【彩神APP争霸8APP单双_彩神APP争霸8APP单双官网】Painting of Indian trumpeters at risk of export from Britain

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LONDON, Nov. 16 (Xinhua) -- British Culture Minister Michael Ellis placed an export bar Friday on a unique watercolor painting depicting a traditional musical performance in mid-18th century Northern India.

The move will prevent the painting, considered of significant cultural interest, from being sent abroad to enable a British gallery or buyer to match the asking price of 5200,000 pounds.

"Trumpeters" by Nainsukh of Guler (1710-1778) is a delicate miniature work, described by experts as of a rarely found caliber. It shows seven village musicians on a terrace, striking differing poses and faces, while energetically blowing the exceptionally long Pahari horns called Turhi in the hill region of northern India.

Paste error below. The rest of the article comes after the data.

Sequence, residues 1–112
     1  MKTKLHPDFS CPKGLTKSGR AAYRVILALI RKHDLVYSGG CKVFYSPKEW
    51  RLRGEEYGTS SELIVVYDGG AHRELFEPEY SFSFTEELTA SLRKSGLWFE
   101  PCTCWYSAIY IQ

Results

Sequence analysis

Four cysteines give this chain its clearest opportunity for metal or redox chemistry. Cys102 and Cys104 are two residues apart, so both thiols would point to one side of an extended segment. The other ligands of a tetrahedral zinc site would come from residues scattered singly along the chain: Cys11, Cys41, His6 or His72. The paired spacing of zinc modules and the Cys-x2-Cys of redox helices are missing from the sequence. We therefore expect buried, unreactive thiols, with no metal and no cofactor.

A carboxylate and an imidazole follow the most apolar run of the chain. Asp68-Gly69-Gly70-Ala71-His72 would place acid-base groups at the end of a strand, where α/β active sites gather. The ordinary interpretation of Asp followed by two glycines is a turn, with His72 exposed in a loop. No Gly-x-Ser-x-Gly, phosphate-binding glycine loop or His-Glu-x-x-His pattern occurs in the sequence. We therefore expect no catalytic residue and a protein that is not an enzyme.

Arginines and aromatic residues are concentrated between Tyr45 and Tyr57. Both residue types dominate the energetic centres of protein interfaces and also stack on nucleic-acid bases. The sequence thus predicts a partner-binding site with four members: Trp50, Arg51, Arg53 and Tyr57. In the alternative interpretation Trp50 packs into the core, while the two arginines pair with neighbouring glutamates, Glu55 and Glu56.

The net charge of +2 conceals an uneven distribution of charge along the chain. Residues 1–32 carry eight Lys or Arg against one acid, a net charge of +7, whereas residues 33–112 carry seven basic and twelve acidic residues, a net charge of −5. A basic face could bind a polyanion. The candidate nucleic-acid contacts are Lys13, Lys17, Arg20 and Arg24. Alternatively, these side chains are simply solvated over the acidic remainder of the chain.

"It is a fine example of Nainsukh of Guler's trademark gift of detailed observation and complex directional composition," said the Department for Digital, Culture, Media and Sport (DCMS).

The artist is considered to be one of the most acclaimed of the Pahari (Hills) movement, which were a major and popular genre of Indian miniature painting during the period.

Some of his works are exhibited in public collections in Britain, including the Victoria and Albert Museum and the British Museum.

The miniature is an example of the color and light of India which inspired its first owner, the renowned artist Winifred Nicholson whose works have been exhibited in world leading galleries including the Tate.

Ellis said: "Nainsukh's artistic influence has been felt around the world for generations and this piece demonstrates the outstanding aesthetic importance of his work. I hope that this piece can be kept in the UK, not only for its beauty, but to help further the study of Indian art and history."